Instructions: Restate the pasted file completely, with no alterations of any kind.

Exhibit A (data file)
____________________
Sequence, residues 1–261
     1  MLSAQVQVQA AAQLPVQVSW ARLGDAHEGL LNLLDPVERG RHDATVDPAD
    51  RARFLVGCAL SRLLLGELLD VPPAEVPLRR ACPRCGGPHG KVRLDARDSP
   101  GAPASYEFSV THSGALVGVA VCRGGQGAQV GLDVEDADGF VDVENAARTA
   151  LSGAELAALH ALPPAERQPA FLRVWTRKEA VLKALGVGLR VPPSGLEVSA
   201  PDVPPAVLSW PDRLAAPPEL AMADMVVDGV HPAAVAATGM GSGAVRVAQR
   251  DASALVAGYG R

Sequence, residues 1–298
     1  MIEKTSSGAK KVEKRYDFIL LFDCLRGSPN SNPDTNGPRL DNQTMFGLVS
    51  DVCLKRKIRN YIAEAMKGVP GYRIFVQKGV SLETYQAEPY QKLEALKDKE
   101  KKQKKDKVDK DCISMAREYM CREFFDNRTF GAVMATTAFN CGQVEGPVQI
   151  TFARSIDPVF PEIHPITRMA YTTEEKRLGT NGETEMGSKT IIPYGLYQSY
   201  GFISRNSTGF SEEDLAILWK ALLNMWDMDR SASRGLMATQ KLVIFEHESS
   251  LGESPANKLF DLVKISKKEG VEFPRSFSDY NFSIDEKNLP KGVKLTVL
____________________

Sequence, residues 1–261
     1  MLSAQVQVQA AAQLPVQVSW ARLGDAHEGL LNLLDPVERG RHDATVDPAD
    51  RARFLVGCAL SRLLLGELLD VPPAEVPLRR ACPRCGGPHG KVRLDARDSP
   101  GAPASYEFSV THSGALVGVA VCRGGQGAQV GLDVEDADGF VDVENAARTA
   151  LSGAELAALH ALPPAERQPA FLRVWTRKEA VLKALGVGLR VPPSGLEVSA
   201  PDVPPAVLSW PDRLAAPPEL AMADMVVDGV HPAAVAATGM GSGAVRVAQR
   251  DASALVAGYG R

Sequence, residues 1–298
     1  MIEKTSSGAK KVEKRYDFIL LFDCLRGSPN SNPDTNGPRL DNQTMFGLVS
    51  DVCLKRKIRN YIAEAMKGVP GYRIFVQKGV SLETYQAEPY QKLEALKDKE
   101  KKQKKDKVDK DCISMAREYM CREFFDNRTF GAVMATTAFN CGQVEGPVQI
   151  TFARSIDPVF PEIHPITRMA YTTEEKRLGT NGETEMGSKT IIPYGLYQSY
   201  GFISRNSTGF SEEDLAILWK ALLNMWDMDR SASRGLMATQ KLVIFEHESS
   251  LGESPANKLF DLVKISKKEG VEFPRSFSDY NFSIDEKNLP KGVKLTVL